10. Lisa Tremain says:

      Not to mention that Bowie has reconstructed himself in so many wonderful ways (pre-Madonna, inspiring Madonna?), while Mick Jagger has had the same haircut and pouty look for, like, 45 years.

      Count me heavily on the Bowie Side of this argument. Here’s some data: Google hits for Bowie: 34,100,000. Mick Jagger: 6,990,000.

      Now what?

    11. Lane says:

      Bowie OPENED for Moby.

      That was the most uncool thing ever, believe me, I was there.

      Beggars Banquet – 68
      Let it Bleed – 69
      Sticky Fingers – 71
      Exile on Mainstreet – 72

      Don’t get me wrong, Bowie is cool. At least as cool as Ringo Starr.

      But . . . let’s keep it in perspective.

    12. Lisa Parrish says:

      Bowie once ripped off a photographer friend of mine. He also goes out of his way now to deny his well-documented bisexual proclivities from the 60s and 70s. Okay, dude, you’re straight. It’s important, we know.

      Anti-Bowie. Definitely.

    13. Lisa Parrish says:

      That said, I love “The Bowie Factor.” Excellent post, PB. Per usual.

    14. Jeremy says:

      Bowie? Jagger? They’re both dorks.

    15. Stephanie Wells says:

      It’s true that he claimed it proudly in the early ‘70s, then denied it in the mid-‘80s. Many people see the original claim as a publicity stunt, but this quote from 2002 (in Blender) makes it seem like the denial was the stunt, not the original claim:

      Q: “You once said that saying you were bisexual was “the biggest mistake I ever made.” Do you still believe that?”

      DB: “Interesting. [Long pause] I don’t think it was a mistake in Europe, but it was a lot tougher in America. I had no problem with people knowing I was bisexual. But I had no inclination to hold any banners or be a representative of any group of people. I knew what I wanted to be, which was a songwriter and a performer, and I felt that [bisexuality] became my headline over here for so long. America is a very puritanical place, and I think it stood in the way of so much I wanted to do.”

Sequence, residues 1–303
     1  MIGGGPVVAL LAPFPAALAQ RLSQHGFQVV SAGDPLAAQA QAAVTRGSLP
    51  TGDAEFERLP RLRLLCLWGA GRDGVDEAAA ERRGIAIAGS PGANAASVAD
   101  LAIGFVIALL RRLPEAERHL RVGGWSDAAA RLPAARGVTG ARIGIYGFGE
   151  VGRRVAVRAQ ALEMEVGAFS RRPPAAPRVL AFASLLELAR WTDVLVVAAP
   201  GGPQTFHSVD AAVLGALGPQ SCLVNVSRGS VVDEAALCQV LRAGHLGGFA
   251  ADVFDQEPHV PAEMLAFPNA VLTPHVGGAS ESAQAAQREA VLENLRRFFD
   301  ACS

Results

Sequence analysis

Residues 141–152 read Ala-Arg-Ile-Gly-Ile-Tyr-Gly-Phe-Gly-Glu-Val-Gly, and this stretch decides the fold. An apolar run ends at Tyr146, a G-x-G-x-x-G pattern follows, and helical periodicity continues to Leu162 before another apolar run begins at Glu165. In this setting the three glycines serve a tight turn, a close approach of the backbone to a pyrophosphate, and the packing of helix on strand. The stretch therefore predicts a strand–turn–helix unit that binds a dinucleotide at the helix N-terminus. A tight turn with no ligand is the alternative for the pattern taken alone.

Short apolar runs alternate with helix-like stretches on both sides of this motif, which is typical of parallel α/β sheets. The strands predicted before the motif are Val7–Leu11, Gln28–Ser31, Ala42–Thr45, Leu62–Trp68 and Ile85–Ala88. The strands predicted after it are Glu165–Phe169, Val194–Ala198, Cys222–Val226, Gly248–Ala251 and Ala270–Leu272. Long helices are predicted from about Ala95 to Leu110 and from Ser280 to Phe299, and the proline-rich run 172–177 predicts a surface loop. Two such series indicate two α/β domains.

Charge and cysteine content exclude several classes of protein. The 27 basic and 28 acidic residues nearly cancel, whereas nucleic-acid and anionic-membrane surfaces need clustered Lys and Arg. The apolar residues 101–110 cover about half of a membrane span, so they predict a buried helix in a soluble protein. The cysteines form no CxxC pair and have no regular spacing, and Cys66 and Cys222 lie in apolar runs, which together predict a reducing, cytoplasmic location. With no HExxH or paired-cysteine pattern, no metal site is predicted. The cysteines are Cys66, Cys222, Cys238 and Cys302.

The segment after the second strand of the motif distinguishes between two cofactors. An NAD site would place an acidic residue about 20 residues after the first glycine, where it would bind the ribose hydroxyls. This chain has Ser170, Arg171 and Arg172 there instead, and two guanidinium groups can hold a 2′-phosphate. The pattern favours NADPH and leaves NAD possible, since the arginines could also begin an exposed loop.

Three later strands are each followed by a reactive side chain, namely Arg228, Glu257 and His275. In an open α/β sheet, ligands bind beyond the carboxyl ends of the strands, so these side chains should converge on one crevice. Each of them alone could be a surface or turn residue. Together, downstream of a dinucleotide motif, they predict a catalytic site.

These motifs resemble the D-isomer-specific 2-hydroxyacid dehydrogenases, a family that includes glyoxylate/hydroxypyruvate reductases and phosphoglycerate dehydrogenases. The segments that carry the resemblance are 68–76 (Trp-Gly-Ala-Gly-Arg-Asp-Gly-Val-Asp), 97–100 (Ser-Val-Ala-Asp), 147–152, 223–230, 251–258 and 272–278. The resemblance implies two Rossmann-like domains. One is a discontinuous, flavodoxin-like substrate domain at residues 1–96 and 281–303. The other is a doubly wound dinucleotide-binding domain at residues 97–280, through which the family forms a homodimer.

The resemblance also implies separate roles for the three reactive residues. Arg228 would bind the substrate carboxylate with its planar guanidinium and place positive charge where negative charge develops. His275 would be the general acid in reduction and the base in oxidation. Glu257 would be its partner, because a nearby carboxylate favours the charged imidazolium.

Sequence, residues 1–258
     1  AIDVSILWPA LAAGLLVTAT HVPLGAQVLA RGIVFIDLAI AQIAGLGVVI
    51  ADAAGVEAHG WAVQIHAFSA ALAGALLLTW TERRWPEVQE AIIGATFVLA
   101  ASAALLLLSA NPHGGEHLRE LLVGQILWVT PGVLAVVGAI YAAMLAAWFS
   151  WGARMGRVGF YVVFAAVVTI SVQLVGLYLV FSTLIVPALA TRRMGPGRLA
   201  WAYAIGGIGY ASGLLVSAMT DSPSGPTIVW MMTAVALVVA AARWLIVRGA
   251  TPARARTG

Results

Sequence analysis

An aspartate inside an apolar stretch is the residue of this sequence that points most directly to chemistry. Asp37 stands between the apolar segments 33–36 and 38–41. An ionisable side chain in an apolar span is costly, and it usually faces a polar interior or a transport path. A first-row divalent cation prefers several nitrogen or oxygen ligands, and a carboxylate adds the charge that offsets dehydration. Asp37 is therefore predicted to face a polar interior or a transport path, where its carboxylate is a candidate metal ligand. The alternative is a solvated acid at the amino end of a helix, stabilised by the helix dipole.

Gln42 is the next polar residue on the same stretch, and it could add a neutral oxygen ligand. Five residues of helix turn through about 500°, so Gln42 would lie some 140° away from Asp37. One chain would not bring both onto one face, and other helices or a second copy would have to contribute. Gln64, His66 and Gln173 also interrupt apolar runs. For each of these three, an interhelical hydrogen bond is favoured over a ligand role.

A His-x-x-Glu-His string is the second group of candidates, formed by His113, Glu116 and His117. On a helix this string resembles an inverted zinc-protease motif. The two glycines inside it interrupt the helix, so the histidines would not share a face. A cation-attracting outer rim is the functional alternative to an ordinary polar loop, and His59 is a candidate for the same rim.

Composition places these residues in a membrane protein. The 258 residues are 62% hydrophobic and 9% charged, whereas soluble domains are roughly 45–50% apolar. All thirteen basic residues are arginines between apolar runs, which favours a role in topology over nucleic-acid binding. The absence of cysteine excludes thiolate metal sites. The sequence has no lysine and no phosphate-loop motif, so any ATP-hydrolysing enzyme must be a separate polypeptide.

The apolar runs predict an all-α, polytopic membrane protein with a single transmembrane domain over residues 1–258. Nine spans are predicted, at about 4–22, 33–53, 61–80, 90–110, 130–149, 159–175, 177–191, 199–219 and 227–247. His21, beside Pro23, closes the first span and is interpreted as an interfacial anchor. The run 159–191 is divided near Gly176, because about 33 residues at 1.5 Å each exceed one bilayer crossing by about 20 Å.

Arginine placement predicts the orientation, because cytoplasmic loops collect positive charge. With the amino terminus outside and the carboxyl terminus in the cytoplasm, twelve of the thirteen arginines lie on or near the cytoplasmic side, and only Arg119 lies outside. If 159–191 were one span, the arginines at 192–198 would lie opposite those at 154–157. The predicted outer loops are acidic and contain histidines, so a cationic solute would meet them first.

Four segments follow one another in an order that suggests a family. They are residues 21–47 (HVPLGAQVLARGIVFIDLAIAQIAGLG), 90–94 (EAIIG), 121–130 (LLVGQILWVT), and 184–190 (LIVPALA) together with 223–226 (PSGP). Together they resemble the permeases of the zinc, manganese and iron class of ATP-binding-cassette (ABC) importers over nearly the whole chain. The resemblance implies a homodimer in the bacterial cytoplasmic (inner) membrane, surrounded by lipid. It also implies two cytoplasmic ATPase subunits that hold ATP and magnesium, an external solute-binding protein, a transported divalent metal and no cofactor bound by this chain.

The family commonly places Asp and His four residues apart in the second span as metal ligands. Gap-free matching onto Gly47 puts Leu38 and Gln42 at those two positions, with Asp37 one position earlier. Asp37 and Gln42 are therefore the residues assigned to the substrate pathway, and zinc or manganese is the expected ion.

Not that his denying it at all isn’t hugely problematic, even in the American ‘80s, but it seems he’s no longer doing that. Many of us don’t always fully publicize our true sexual preferences for professional reasons, though I know it’s a bit different in his case when he was so known for it (and professionally helped by it) previously. But just to set the record straight.

    16. Stephanie Wells says:

      p.s. No pun intended.

    17. 12: He’s certainly not alone. Anyone remember Lou Reed’s song “I love women”? Methinks he entered the 80s protesting too much. Bowie entered the 80s riding high with Scary Monsters — and that was after he had delivered 3 amazing collaborations with Eno (while Jagger was doing what — writing “Shattered”?).

      5 and 7: I’m so glad I get to bitch-slap you both at the same time, and so early on a Saturday morning, but you two share a serious character flaw on this point. Pandora, you say the word and we’ll finally drag these dorks out back and shoot them. Bacon — are you in? We’ve had this argument before, Lane, and you’re just wrong.